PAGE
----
As Lucky embarks on this personal journey, he makes his first forays into the subject of conscious creation, the philosophy maintains we manifest the reality we experience through the power of our thoughts, beliefs and intents. Like so many of us, Lucky appears to have spent much of his life drifting through it, engaged in its experiences but not really making much of an effort to understand it. He’s observed his existence rather superficially, looking at its surface qualities but never probing what lies underneath them or how they have come into being. By focusing his attention on these attributes, he doesn’t see beyond what’s present at purely face value. And, even though he’s managed to make it through much of his life relatively unscathed (as his nickname suggests), he’s nevertheless seen his share of others’ pain, suffering and frustration, not to mention the scams that people often unscrupulously perpetrate against others. It’s no wonder that his outlook is rather bleak, and it probably accounts for his belief that divine grace is nothing more than a myth.
However, given his present circumstances, Lucky now finds himself with an incentive to change direction. He has created conditions, even if unknowingly, that enable him to address the questions he’s long been putting off. And it proves to be an eye-opener, leading Lucky to discover aspects about life – and existence – that he never before considered. He may be coming to these realizations rather late in the game, but, again, better that he get the lesson than not.
To a certain degree, this probably helps to account for his otherwise-inexplicable longevity. On a subconscious level, Lucky may well have understood that he would one day have to examine these big questions of life, reluctant though he may have been to do so. To compensate for this, he thus manifested the gift of time to himself, enabling him to continue living until the time when he was finally ready to take on this task. In this regard, he was practicing his own form of conscious creation without even realizing it, giving himself what he needed until he was prepared to tackle the lesson he knew he would eventually have to address. This represents an excellent example of using this philosophy in a highly practical way, one that effectively gets us what we need when we need it and in a generally inoffensive way at that.
Of course, with his personal odometer passing the 90-mile mark, Lucky also likely realized – again subconsciously – that he needed to get down to business on his introspective odyssey. And that’s where the manifestation of the health scare comes into play. It’s a self-inflicted psychic nudge to shake him out of his longstanding complacency, to finally get serious about what he has long ignored. The episode itself was nothing dire or life-threatening, but it was sufficiently noticeable enough to grab his attention and set him down the path he subsequently pursues. This is another example of Lucky’s blossoming conscious creation skills, the manifestation of a springboard event that pushes him to look at his life more intently and more profoundly than he probably ever has in his 90 years on earth. His experience thus proves that it’s never too late to start something new – and that indeed is possible to teach an old dog new tricks.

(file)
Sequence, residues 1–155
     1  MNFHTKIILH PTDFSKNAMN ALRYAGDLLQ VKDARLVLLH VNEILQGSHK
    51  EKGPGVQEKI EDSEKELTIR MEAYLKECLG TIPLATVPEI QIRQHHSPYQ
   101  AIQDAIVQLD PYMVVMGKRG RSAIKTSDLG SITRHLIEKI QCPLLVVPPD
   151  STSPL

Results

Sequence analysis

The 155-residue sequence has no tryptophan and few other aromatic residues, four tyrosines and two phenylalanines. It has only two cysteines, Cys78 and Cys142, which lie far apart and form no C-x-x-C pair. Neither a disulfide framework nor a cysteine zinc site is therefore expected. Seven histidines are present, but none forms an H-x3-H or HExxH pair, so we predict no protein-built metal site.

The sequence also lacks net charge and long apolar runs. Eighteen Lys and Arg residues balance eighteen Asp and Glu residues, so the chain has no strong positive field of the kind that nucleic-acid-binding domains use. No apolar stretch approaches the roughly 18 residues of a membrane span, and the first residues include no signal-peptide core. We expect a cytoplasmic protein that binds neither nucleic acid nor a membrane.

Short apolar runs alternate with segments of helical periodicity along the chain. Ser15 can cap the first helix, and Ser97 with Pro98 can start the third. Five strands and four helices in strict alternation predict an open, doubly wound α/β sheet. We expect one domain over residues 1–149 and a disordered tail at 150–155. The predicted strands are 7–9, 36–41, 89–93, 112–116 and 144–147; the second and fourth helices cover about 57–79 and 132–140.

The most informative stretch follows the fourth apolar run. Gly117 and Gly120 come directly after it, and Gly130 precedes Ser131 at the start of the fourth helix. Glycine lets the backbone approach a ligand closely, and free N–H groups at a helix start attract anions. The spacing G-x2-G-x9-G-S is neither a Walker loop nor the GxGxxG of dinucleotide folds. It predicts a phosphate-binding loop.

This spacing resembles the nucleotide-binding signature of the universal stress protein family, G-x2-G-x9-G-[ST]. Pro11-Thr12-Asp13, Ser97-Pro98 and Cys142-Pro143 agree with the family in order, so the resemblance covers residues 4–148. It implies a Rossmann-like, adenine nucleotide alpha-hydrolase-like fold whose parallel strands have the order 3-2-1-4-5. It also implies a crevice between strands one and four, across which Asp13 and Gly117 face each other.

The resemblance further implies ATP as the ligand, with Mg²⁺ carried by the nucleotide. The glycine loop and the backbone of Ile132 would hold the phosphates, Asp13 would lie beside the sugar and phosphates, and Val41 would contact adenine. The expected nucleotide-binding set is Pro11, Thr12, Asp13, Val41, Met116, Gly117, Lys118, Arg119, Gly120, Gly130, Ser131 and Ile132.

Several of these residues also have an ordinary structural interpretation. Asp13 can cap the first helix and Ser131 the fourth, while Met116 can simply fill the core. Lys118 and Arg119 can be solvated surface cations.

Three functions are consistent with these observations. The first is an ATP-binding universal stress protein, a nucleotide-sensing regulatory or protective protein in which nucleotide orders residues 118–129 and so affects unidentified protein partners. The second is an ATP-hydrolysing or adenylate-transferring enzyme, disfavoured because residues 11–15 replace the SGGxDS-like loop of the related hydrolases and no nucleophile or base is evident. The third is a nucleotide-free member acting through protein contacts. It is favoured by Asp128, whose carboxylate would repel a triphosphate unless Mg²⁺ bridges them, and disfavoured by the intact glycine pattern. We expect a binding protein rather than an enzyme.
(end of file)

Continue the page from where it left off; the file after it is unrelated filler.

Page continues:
Though sometimes a little too cryptic for its own good, this otherwise-reflective meditation on life, existence, mortality and human relations provides viewers with much to ponder about the state of one’s reality and how it’s shaped. With an excellent, career-topping performance by the late Harry Dean Stanton, coupled with a strong supporting ensemble, this quiet, low-key debut feature from actor-director John Carroll Lynch explores the meaning of life and the secrets to help make it fulfilling, both while we’re here and as we’re about to make our ultimate transition. Like the circle of life so aptly addressed in this offering, “Lucky” fittingly represents a promising first effort from a filmmaking newcomer and the crowning achievement of a veteran performer’s repertoire, all wrapped up in one thoughtful, beautifully filmed package.
Taking time to take stock of our existence, even when the clock is about to get us, is always a worthwhile pursuit. And, like the hero of this quiet drama, should we find the answers we seek, we, too, could readily consider ourselves lucky.
Copyright © 2017, by Brent Marchant. All rights reserved.